According to the most recent figures, 20 percent of all home sellers have dropped the price of their listings because of sagging demand. As a result, for the first time in over a year and a half, the average home sells for less than the list price.
The data from Redfin show homes are sitting on the market longer than they did a year ago, and the median price dropped by $14,000. Consequently, the supply of homes is rising. The National Association of Realtors reported that listings are 20% lower than in July 2021.
Higher mortgage rates have exacerbated the problem. The Redfin data also reveals showings and buying services down, with homes lingering a lot longer on the market. Meanwhile, Goldman Sachs predicts home price drops will affect nearly 40% of metropolitan areas in 2023.
The seemingly good news is that strategists at GS say overall prices will rise 0.7%. This Forbes report indicates that big metropolitan areas in western states will be affected. A Fortune report reveals why.
“On a year-over-year basis, new home sales and existing home sales are now down 29.6% and 20.2%. And single-family housing starts and mortgage purchase applications are down 18.5% and 23%, respectively. Simply put: Housing activity is contracting—fast.”
Mortgage rate volatility and upward ticks, record-breaking home prices, a looming economic recession, and a weaker labor market are other factors contributing to a market with nowhere to go but down. Additionally, the Homebuyer Affordability Fixed Mortgage Index from the National Association of Realtors has plunged to its lowest level since 1989, and the outlook turns pretty grim.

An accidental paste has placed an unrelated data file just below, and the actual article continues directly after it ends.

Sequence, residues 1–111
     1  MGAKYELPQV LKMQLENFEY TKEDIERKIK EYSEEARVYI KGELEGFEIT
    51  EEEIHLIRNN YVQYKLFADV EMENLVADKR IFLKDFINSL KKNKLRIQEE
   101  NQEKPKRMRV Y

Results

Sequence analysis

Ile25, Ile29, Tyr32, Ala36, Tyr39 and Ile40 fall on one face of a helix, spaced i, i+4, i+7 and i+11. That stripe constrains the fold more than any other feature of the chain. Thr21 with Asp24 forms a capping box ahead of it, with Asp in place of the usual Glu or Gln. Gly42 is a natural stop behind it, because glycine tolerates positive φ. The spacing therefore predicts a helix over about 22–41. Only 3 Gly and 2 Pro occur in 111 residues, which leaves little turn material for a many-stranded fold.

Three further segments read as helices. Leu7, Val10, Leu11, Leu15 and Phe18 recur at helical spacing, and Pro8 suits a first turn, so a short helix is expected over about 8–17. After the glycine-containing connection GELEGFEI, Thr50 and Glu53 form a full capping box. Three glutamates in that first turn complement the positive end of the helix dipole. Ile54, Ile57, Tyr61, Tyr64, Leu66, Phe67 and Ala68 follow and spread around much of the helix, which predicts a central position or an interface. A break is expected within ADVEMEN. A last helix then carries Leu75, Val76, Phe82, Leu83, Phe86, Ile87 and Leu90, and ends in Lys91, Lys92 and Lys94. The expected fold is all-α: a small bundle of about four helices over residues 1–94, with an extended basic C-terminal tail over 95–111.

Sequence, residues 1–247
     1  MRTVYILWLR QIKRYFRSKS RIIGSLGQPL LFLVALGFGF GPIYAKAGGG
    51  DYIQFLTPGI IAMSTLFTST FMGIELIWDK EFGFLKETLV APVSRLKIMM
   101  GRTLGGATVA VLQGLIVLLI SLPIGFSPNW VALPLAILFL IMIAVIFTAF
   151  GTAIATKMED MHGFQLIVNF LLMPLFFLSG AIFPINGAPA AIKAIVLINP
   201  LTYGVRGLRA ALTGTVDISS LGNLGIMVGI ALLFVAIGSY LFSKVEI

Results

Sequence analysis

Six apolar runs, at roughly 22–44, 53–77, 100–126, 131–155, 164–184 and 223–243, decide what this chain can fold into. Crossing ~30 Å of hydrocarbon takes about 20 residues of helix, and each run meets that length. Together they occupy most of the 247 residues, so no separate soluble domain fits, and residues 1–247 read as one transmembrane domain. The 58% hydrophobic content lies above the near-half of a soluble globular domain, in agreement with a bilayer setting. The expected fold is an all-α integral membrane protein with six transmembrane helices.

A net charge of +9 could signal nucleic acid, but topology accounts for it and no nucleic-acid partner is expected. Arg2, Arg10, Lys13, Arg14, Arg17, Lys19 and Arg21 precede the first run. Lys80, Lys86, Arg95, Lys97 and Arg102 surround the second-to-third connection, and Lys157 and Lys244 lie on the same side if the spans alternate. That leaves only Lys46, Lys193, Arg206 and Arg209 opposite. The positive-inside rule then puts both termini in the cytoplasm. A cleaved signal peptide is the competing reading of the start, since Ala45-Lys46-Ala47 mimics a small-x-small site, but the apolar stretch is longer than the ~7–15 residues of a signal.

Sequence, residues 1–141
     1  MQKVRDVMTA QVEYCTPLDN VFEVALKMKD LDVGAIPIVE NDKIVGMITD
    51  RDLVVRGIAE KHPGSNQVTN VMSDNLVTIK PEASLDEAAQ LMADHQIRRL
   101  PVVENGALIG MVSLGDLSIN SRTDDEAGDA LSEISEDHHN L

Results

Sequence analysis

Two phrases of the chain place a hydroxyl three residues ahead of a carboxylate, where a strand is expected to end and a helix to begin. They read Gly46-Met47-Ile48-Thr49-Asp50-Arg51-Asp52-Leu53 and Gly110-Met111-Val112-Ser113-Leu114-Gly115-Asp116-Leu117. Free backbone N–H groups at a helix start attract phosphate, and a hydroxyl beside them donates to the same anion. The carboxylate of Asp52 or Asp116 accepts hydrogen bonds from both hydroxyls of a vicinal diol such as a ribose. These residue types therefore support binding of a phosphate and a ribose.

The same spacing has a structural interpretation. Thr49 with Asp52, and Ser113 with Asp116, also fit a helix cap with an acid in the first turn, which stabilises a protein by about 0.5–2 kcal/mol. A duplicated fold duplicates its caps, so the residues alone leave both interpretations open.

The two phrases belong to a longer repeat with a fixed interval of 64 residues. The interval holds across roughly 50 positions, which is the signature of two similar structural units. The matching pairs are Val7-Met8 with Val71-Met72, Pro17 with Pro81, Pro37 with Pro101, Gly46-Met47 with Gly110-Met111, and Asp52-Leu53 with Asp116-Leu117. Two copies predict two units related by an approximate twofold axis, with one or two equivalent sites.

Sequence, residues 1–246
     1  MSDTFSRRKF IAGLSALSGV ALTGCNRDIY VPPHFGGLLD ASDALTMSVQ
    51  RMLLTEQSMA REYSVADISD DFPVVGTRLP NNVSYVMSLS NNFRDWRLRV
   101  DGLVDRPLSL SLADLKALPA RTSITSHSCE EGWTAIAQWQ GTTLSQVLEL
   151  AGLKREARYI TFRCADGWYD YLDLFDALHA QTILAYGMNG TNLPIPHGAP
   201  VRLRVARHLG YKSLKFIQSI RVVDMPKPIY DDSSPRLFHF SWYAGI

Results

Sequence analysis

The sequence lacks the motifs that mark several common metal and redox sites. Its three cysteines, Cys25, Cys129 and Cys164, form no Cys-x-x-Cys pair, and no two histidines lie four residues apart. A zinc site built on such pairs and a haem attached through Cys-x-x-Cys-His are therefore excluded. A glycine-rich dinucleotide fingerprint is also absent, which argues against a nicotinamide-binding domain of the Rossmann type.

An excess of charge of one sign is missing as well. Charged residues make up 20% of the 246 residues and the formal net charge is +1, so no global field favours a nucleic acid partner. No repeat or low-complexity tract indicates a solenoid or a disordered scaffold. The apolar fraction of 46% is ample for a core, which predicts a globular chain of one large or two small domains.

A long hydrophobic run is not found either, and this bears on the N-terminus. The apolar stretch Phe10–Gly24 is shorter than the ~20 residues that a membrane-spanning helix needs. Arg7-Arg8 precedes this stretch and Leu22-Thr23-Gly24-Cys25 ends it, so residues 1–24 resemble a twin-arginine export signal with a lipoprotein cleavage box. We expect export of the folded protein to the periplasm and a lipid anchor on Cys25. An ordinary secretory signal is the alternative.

A report for Seeking Alpha by Dave Kranzler hammers this home. He points out Blackstone’s subsidiary Home Partners of America halts buying homes in 38 cities, with another ten cities in the works. In reality, analysis of the market is not rocket science. The world is on the brink of an economic paradigm shift, and the current administration seems to have no fix in the works.
Finally, the New York Post’s Thomas Barrabi recently quoted famed guru Jeremy Grantham voicing a kind of financial doomsday on the horizon, referring to the current economic bubble we’re sitting on.
"Despite a summer rally, the US stock market is still an unprecedented 'superbubble' that will cause financial 'tragedy' for investors when it bursts.”
Grantham compared the current situation to the crash of 1929, 1973, and 2000. Experts predict recessions worldwide, but total economic collapse in the UK and the EU, and the picture gets turned into a more crisp focus. Our global connectedness has its adverse effects.
This is not about partisan politics or personal preferences. There’s just not a lot indicating we’re headed in any suitable direction. The nation is divided, and even segments are being marginalized. Rising inflation, uncertainty over energy, a cooling job market (even Goldman Sachs has a freeze), the administration redefining what “recession” is, the messages are all bad. So when political bullhorns like NPR start telling us what a “happy song” will do for us in an economic disaster, it’s time to start worrying. No, I am not kidding. They reported on this.
Winter’s coming, and you can expect a lot of belt-tightenings to come.
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